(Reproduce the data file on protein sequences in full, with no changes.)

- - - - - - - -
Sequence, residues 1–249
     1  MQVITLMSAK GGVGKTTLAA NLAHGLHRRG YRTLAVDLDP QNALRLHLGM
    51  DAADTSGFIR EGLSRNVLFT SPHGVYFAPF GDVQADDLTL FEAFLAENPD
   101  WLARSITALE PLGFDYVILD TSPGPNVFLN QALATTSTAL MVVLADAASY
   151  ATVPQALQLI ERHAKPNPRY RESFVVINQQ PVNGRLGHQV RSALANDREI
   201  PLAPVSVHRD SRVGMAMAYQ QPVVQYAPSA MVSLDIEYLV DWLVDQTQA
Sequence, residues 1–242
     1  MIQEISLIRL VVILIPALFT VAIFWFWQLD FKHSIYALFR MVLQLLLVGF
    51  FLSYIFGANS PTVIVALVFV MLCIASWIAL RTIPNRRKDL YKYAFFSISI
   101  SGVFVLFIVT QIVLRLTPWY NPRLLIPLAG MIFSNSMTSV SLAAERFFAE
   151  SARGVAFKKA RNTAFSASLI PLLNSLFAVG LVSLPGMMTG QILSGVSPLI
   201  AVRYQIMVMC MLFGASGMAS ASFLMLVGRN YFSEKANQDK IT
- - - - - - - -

Sequence, residues 1–249
     1  MQVITLMSAK GGVGKTTLAA NLAHGLHRRG YRTLAVDLDP QNALRLHLGM
    51  DAADTSGFIR EGLSRNVLFT SPHGVYFAPF GDVQADDLTL FEAFLAENPD
   101  WLARSITALE PLGFDYVILD TSPGPNVFLN QALATTSTAL MVVLADAASY
   151  ATVPQALQLI ERHAKPNPRY RESFVVINQQ PVNGRLGHQV RSALANDREI
   201  PLAPVSVHRD SRVGMAMAYQ QPVVQYAPSA MVSLDIEYLV DWLVDQTQA
Sequence, residues 1–242
     1  MIQEISLIRL VVILIPALFT VAIFWFWQLD FKHSIYALFR MVLQLLLVGF
    51  FLSYIFGANS PTVIVALVFV MLCIASWIAL RTIPNRRKDL YKYAFFSISI
   101  SGVFVLFIVT QIVLRLTPWY NPRLLIPLAG MIFSNSMTSV SLAAERFFAE
   151  SARGVAFKKA RNTAFSASLI PLLNSLFAVG LVSLPGMMTG QILSGVSPLI
   201  AVRYQIMVMC MLFGASGMAS ASFLMLVGRN YFSEKANQDK IT